In terms of direction, The Girl with the Dragon Tattoo is not to be confused as a “Hollywood version” of a foreign film. It is undoubtedly Fincher’s. He is a more stylish director than Oplev, and the book is approached as a piece of art, and not only as a compelling thriller. In the hands of any other American director, this could have turned into a typical action movie. Fincher plays with dark and light in terms of Lisbeth’s body: dark hair, dark tattoo, freakishly white skin. In terms of setting: snow and shadows. In terms of plot: fair appearances often hide dark secrets.
The screenplay was adapted by Steven Zailian (Schindler’s List) and departs from the book’s original ending, but it is better than the actual one. The script is an improvement of an already amazing work. Everything else – dialogue, characters, plot – are almost mot à mot with what Larsson wrote. Fincher also keeps everything Swedish, including the accents of all the actors in the movie.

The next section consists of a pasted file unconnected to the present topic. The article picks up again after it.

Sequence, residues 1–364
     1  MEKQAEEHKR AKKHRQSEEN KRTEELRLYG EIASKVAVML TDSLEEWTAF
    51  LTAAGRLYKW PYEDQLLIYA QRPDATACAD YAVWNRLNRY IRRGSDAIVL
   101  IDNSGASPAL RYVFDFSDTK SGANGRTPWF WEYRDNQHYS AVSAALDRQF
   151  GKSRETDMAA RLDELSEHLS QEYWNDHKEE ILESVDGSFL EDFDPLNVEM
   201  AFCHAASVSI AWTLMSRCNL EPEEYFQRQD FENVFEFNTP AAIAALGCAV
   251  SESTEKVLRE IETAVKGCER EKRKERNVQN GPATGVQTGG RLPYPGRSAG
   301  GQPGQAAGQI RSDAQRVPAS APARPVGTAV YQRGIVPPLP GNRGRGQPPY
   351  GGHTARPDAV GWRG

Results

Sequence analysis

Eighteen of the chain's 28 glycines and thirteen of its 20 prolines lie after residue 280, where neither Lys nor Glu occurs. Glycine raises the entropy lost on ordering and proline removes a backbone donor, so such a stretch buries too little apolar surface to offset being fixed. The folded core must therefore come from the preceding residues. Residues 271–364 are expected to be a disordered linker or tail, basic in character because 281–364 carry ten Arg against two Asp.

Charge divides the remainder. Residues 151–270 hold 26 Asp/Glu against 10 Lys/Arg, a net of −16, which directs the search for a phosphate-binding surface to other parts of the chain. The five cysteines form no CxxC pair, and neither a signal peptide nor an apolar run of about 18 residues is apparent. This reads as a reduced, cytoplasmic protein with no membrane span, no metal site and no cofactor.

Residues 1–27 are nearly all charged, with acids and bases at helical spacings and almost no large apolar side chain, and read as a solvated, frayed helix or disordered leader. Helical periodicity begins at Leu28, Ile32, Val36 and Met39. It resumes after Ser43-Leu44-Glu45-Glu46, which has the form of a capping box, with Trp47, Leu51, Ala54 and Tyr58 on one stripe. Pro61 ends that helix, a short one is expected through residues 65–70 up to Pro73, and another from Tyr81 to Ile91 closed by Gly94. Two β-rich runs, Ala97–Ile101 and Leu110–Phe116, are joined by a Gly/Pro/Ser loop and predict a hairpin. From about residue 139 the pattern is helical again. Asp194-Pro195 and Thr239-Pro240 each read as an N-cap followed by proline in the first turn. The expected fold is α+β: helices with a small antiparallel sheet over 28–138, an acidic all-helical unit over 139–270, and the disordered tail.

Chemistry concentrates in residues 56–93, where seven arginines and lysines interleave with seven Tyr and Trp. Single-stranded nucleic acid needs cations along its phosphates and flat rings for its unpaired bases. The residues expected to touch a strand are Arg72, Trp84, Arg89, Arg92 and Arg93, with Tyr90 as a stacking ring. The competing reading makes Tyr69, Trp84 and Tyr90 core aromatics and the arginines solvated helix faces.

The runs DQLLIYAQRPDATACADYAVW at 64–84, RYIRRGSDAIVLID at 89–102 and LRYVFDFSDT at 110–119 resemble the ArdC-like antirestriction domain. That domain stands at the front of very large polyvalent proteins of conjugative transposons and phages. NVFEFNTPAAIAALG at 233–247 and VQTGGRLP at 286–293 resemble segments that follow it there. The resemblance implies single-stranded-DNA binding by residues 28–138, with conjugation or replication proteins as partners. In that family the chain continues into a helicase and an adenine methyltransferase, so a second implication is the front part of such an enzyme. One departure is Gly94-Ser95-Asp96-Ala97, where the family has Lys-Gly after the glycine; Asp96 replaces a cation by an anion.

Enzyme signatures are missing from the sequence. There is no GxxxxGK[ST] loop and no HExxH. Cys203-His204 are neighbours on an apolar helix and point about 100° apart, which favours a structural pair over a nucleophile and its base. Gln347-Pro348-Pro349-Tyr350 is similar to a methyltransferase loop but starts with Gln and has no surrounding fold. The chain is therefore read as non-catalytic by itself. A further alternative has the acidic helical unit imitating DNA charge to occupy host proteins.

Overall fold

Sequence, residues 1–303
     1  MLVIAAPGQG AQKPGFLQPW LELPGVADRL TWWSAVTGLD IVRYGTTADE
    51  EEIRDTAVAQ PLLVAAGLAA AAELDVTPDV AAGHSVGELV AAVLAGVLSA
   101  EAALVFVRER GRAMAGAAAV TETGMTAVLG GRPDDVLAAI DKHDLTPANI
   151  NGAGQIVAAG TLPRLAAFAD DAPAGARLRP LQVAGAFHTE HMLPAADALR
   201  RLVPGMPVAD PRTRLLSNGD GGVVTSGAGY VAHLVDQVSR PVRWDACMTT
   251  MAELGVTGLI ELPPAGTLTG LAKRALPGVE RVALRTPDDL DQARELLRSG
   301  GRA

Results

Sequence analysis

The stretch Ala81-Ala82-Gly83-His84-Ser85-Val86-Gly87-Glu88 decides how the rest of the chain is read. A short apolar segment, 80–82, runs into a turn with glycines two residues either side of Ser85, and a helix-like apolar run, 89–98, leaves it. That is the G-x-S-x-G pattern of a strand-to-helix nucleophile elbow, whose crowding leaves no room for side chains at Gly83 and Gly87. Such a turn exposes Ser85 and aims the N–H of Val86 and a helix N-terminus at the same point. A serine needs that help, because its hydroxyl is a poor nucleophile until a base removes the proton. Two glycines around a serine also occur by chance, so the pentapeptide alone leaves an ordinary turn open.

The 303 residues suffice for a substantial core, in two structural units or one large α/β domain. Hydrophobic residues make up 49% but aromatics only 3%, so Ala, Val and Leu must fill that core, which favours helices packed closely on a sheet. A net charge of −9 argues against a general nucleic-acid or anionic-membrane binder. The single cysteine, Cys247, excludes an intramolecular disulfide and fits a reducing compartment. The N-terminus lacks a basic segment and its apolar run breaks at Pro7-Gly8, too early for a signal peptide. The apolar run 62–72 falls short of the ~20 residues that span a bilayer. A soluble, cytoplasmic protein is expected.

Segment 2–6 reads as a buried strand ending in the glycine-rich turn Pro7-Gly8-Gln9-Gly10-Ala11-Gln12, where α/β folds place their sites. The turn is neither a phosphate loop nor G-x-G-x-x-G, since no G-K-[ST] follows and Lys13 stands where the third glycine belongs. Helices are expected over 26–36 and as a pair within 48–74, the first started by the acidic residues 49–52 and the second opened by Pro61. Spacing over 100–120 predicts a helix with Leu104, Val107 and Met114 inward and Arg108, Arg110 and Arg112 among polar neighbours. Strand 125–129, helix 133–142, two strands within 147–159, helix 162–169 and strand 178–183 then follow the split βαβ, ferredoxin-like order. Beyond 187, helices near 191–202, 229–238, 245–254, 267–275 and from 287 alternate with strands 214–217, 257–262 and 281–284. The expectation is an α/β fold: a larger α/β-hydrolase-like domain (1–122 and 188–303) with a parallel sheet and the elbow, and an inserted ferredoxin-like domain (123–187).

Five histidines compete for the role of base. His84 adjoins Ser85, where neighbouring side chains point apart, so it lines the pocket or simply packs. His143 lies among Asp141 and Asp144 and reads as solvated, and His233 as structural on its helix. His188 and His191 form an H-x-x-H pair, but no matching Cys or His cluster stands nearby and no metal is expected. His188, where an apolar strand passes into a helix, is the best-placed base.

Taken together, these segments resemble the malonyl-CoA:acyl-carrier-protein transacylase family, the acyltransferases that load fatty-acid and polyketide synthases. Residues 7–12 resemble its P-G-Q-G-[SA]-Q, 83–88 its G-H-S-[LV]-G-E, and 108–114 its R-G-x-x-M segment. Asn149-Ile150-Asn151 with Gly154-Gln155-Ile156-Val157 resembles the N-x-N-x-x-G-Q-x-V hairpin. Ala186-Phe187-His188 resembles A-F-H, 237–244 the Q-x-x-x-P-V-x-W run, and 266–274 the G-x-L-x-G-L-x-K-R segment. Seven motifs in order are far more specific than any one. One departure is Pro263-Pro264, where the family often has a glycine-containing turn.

His adaptation also comes with a killer soundtrack by Trent Reznor, with whom the director worked with on The Social Network. If there was an Academy Award for Best Opening Credits, it would go to The Girl with the Dragon Tattoo.
At the hands of David Fincher, The Girl with the Dragon Tattoo is not just a Hollywood remake. It is an even better film than the Swedish one, and that’s saying a lot, considering Oplev’s adaptation won him worldwide critical acclaim and put Noomi Rapace on the map of most wanted European imports. It is exciting to know that he is the one directing the two upcoming movies, The Girl Who Played with Fire and The Girl Who Kicked the Hornet’s Nest (due in 2012 and 2013).
Fincher’s film is all kinds of biting, uncomfortable and daring. As he told Vogue a month before the movie’s release “If we are not out on the ledge juggling chain saws, then we are doing ourselves a huge disservice.” Nicely done, Fincher.